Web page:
An important feature of the authors’ work is that they carefully check their calculations against the accessible experimental literature and find agreement in nearly every case. In addition, their predictions are backed by solid thermodynamical analysis. They give detailed information on why certain compounds might have different structures and energetics and why they might have been overlooked in the past. In my opinion, the authors’ approach of providing extensive information across theoretical and experimental research is the best way to lower the communication barrier between subfields and efficiently accelerate the discovery process. This work realizes the decades-old dream of materials scientists to produce computationally enhanced structure maps that integrate experimental and computational data to better guide the search for potentially useful new metal alloys.

Materials scientists may need years to examine all the leads suggested in the study by Hart et al., as some of the materials can only be prepared with highly controlled synthesis, which would make them difficult to deploy into applications. One long-term goal for high-throughput modeling is to design database searches that automatically develop new descriptors for new functionalities. Greater standardization in how materials are cataloged in various databases should be pursued in order to achieve this goal. High-throughput materials modeling has already benefited from new approaches that combine quantum mechanics and thermodynamics, as well as intelligent data mining, so there is every reason to believe these goals are accessible. Already, the materials structure library aflowlib.org [4], which is sponsored by a consortium of universities, national labs, and funding agencies, is an example of an open community that fuels the discovery of new materials.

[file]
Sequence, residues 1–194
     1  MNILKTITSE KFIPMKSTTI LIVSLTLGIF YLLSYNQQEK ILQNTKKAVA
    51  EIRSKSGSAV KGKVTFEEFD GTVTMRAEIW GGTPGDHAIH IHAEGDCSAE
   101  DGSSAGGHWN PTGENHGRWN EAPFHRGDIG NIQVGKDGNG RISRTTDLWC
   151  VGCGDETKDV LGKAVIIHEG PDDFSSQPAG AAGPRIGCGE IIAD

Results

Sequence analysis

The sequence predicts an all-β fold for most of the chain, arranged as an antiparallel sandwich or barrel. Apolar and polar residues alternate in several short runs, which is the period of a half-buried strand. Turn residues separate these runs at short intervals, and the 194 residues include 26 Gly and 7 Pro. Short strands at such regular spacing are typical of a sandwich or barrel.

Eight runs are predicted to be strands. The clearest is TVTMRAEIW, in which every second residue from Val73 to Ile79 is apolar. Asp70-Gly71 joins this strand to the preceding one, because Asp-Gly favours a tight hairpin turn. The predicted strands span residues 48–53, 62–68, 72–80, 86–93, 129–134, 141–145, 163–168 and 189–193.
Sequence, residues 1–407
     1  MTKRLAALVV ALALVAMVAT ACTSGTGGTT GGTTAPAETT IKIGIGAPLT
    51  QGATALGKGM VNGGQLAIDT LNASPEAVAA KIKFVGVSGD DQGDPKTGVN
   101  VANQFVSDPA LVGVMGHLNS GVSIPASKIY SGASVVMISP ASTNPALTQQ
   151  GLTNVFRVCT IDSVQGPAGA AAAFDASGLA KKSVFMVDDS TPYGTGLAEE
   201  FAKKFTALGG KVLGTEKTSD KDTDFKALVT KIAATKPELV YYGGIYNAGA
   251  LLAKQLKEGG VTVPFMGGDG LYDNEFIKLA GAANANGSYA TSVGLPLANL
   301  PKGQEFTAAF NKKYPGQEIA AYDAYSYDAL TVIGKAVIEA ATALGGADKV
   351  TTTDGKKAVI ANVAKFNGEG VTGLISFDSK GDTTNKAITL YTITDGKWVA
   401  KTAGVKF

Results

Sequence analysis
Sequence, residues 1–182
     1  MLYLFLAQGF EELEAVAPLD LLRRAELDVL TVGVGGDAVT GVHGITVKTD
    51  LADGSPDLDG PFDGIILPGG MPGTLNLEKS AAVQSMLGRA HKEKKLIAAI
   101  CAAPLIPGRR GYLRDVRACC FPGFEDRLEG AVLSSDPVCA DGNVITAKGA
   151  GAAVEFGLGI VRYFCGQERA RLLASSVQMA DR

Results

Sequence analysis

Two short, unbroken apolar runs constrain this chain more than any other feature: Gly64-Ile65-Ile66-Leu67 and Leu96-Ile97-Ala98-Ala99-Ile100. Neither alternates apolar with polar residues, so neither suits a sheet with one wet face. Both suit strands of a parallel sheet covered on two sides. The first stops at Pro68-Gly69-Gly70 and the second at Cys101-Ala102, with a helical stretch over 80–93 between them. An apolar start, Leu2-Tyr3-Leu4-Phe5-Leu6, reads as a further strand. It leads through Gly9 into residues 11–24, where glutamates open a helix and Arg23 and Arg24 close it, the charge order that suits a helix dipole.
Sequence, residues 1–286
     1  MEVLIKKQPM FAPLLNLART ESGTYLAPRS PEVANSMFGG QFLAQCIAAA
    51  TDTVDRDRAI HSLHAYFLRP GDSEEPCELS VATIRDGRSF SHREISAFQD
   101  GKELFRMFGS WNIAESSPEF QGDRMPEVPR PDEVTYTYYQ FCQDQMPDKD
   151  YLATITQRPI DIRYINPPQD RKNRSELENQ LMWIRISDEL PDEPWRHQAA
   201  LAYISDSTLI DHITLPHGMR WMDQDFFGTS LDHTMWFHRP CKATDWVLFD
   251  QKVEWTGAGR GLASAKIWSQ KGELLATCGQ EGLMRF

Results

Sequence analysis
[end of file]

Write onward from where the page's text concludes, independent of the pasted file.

References

  1. G. L. W. Hart, S. Curtarolo, T. B. Massalski, and O. Levy, “Comprehensive Search for New Phases and Compounds in Binary Alloy Systems Based on Platinum-Group Metals, Using a Computational First-Principles Approach,” Phys. Rev. X 3, 041035 (2013).
  2. G. Ceder and K. Persson, “How Supercomputers Will Yield a Golden Age of Materials Science,” Scientific American, Dec 2013.
  3. S. Curtarolo, G. L. W. Hart, M. Buongiorno Nardelli, N. Mingo, S. Sanvito, and O. Levy, “The High-Throughput Highway to Computational Materials Design,” Nature Mater. 12, 191 (2013).
  4. S. Curtarolo et al. “AFLOWLIB.ORG: A Distributed Materials Properties Repository from High-Throughput Ab Initio Calculations,” Comp. Mater. Sci. 58, 227 (2012).

About the Author: Marco Fornari


Marco Fornari

Marco Fornari is a professor in the Department of Physics at Central Michigan University. He studied in Pavia and Trieste (Italy) earning a doctoral degree in 1998. He worked as a research associate at the Naval Research Laboratory until 2001 and served as Program Officer at the NSF in the Division of Materials Research in 2009. His interests include thermoelectric, piezoelectric, and photovoltaic materials, which he studies using high-throughput electronic structure methods.